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One final custard cream for Tillydrone granda Cliff Johnston, 82

For the funeral of the Granite City great-grandfather flowers were arranged to look like the biscuits he shared with his granddaughter.

Aberdeen grandfather Cliff Johnston who loved to share a custard cream with his granddaughter.
Aberdeen grandfather Cliff Johnston who loved to share a custard cream with his granddaughter.

There was nothing Granite City grandfather Cliff Johnston liked more than a custard cream. And so when the hard-working 82-year-old passed away his granddaughter set about paying him the perfect tribute.

Working with an Aberdeen florist, Rachel Johnston asked for a special floral arrangement to be commissioned in the shape and colour of her granda’s favourite nibble.

“It was always his biscuit of choice, even in latter days of his life when he wasn’t able to eat much else, he’d always ask for one. He just loved a custard cream, and we just loved him,” said Rachel.

Aberdeen born and bred

Clifford Johnston was born on Sunday, July 13, 1941 at home in Virginia Street,
Aberdeen. The fourth of seven children for general merchant David Johnston and his wife Jessie, nee Dyker, the family later relocated to Smithfield Drive.

Cliff attended nearby Smithfield School then went on to Hilton Academy. In his spare time he loved boxing with Tommy Begg’s club which met in Hanover Street School.

During school holidays Cliff kept himself busy. His father kept ponies and Cliff and his friend would be enlisted to help facilitate beach rides when they were off school.

Early days in Broadford Works

On leaving education Cliff initially worked with his dad before becoming a tuner at Broadford Works.

But in the hard graft of the mill Cliff got more than just a hard day’s work, and welcome custard cream breaks. It was there he met his first wife Doris Scott from Wingate prefabs in Tillydrone.

Much-loved family man Cliff Johnston

They tied the knot on February 23, 1962 in St George’s Church. Cliff’s brother-in-law Billy Scott was best man and his sister Moira was bridesmaid.

The couple’s first home was in Maberley Street, in a house “connected to Broadford’s”, before later moving to Gort Road in Tillydrone, where Cliff lived until 2017.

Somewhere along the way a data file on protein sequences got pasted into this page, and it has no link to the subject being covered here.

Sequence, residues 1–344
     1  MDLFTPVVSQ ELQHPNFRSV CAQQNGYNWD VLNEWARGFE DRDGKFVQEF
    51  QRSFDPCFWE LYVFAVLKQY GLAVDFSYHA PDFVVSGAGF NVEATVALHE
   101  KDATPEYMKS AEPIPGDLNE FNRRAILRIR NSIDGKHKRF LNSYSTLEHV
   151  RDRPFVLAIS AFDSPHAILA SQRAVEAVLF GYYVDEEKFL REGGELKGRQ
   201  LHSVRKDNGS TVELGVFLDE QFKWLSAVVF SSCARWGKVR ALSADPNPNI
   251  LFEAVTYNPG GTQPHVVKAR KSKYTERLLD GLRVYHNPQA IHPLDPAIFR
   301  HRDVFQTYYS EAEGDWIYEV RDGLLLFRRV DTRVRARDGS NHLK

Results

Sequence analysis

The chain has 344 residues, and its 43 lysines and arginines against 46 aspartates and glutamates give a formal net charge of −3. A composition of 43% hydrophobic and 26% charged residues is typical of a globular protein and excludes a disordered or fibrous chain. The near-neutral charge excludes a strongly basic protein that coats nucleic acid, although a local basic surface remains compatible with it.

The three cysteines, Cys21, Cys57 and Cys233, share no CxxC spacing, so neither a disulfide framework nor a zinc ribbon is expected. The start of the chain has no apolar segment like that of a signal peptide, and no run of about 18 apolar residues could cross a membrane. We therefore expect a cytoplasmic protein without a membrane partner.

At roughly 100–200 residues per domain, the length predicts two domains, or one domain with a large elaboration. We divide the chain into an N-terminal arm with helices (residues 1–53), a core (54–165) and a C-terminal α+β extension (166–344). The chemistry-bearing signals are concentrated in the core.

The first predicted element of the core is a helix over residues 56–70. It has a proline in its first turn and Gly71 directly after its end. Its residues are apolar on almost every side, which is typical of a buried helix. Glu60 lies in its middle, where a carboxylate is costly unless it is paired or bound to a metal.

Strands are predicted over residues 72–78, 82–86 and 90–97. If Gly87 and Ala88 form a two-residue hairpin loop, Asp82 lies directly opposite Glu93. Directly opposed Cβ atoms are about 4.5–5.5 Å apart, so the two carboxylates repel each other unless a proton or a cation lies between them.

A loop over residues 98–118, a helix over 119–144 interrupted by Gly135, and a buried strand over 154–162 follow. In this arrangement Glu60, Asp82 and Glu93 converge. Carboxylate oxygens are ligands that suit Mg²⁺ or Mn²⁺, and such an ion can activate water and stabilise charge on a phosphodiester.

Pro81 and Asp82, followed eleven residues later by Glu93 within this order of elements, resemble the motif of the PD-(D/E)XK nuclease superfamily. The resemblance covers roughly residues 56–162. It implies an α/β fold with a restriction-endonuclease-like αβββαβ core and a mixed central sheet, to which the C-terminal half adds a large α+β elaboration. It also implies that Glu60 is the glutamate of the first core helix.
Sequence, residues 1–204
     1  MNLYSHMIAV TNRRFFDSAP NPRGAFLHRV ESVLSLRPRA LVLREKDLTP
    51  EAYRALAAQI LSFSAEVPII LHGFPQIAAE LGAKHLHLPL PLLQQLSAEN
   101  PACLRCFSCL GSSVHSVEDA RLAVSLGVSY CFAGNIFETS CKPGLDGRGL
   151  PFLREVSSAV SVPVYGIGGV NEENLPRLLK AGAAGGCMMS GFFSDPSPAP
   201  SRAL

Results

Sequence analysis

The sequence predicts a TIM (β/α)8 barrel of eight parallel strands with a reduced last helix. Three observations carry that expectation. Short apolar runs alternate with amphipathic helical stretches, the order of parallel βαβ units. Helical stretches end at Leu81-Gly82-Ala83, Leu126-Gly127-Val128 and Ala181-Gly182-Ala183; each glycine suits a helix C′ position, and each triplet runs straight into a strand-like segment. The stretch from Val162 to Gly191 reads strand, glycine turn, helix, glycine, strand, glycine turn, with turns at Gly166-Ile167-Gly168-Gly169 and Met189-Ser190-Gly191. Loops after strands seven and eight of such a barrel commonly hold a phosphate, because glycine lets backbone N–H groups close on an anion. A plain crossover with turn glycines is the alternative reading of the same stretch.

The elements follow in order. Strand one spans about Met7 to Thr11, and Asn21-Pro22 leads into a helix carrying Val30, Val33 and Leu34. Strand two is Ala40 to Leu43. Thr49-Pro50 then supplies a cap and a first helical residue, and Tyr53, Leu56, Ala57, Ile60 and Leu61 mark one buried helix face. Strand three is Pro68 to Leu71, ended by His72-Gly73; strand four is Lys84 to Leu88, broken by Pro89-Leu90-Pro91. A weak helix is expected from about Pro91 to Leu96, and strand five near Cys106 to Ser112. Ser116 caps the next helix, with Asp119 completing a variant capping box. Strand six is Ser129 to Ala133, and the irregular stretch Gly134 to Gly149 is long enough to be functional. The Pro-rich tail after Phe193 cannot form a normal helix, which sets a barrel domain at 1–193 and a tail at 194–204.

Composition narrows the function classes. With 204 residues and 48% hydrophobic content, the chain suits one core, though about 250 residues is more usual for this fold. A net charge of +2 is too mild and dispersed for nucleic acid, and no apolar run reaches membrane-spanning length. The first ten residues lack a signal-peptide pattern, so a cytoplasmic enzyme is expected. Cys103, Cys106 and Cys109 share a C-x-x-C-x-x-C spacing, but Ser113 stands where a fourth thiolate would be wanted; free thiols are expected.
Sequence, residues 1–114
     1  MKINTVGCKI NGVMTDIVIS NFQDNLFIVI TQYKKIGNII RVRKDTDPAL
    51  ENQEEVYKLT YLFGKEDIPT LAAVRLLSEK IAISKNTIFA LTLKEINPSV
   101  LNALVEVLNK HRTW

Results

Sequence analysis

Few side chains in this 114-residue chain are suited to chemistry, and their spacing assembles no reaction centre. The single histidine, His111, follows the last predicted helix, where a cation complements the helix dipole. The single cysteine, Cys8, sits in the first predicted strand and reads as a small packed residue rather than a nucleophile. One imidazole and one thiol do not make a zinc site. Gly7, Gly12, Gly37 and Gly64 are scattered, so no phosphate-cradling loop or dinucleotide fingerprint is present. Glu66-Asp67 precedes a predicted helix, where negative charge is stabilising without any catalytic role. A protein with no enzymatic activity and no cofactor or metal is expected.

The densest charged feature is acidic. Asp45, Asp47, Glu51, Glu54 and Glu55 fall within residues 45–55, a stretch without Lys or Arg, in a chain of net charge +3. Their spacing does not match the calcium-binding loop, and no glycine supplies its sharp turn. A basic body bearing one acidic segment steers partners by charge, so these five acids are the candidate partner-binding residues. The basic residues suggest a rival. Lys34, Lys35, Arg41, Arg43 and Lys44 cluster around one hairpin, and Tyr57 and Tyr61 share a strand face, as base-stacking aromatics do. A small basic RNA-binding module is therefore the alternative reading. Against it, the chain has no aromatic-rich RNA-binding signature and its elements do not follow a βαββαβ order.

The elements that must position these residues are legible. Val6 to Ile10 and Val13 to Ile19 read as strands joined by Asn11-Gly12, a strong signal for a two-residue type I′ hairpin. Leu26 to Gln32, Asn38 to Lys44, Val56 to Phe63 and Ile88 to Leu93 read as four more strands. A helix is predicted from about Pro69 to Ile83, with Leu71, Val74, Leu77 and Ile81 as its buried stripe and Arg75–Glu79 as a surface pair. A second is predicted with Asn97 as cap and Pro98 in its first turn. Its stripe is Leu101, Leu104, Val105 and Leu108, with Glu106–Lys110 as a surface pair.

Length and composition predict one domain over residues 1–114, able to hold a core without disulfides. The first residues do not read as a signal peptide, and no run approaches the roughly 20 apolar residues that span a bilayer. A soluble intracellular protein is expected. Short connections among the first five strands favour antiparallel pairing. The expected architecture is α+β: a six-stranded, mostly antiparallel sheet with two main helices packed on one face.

He and Doris had four children: Karen, David, Elaine and Lynn.

Always a grafter

When the kids were still young Cliff was made redundant from Broadford’s but he soon found work in Grandholme Mill.

He spent a decade there before jumping at the chance to get a job “in the fish” with his brother Eric.

It was a role that suited him. Three years later Cliff launched his own fishmonger’s business – Jemfish.

In 1986 Cliff’s career, and home life, changed direction. By then grandparents to Sonia and Jenni, Cliff and Doris divorced and a year later, while working as a labourer for Charles Gray Builders, Cliff suffered a heart attack and underwent a triple bypass operation.

The ordeal saw him pause manual work in favour of lighter duties, then for Muirfield Contracts.

In 1987 his third granddaughter Rachel was born, followed two years later by Holly.

Devoted granda and family man

Being granda to his girls was a role he relished. And as the years passed, he more than welcomed their partners into the fold too, as he had done with those of his children.

With an enviable ability to express love and warmth, when Karen met Colin, Cliff heartily embraced his children, Tony and Tara too.

Cliff Johnston and some of his great-grandchildren.

In the early 90s Cliff found love again and was married for a short time to Sylvia Grant.  Eventually retiring at the end of that same decade, he was single until 2004 when he met Moira Allan.

Partners in every sense, they spent the next two decades together, in Gort Road until moving to Aberdon Court in 2017 where his 14 great-grandchildren loved to visit.

A kind man, always

Reflecting on his life, Cliff fondly recalled many Christmases and Hogmanays surrounded by his wife, children, seven siblings and their families. He enjoyed summer holidays to Ballater and Perthshire and never lost his love of a good bargain hunt.

One of Cliff’s greatest joys was his family. Whether teaching them DIY or simply taking time to enjoy a wee biscuit together, “granda Cliff” adored them and was much-loved in return.

Known for being neighbourly, and an avid dog-lover, Cliff enjoyed a pint in the Tower’s Lounge or his favourite, The Scotia Bar.

In later years he returned to his love of Western movies, always while eating Liquorice Allsorts.

Granddaughters Rachel Johnston, granda Cliff, and Holly Johnston.

“My granda was always really kind, and always gave good advice,” said Rachel. “He always told us just to be ourselves.

“At his funeral they said ‘in essence, he was a grafter who was always there for his family.’

“He was certainly always there for me. I now treasure the memories of being able to sit down with him for a cup of coffee together.”

One final custard cream for granda

Cliff died peacefully at home, after a short illness, on May 14, aged 82.

A celebration of his life took place at Aberdeen Crematorium. Amongst the family flowers was a bright yellow arrangement in the shape of his favourite biscuit.

Made by Flower Fashions florist in Aberdeen, owner Elizabeth Stewart said she’d been really touched by how many people have commented on the custom arrangement.

A cup of coffee and a custard cream, in honour of Cliff Johnston.

Made with yellow chrysanthemums and sprayed rope it was “the perfect tribute” for Rachel’s granda Cliff.

“When everyone else was choosing something more traditional I had a different idea,” said Rachel.

“I’m so glad we did it. I think he would have loved it.”

The custard cream sat alongside white flowers in the shape of a cup of coffee from his great-grandchildren.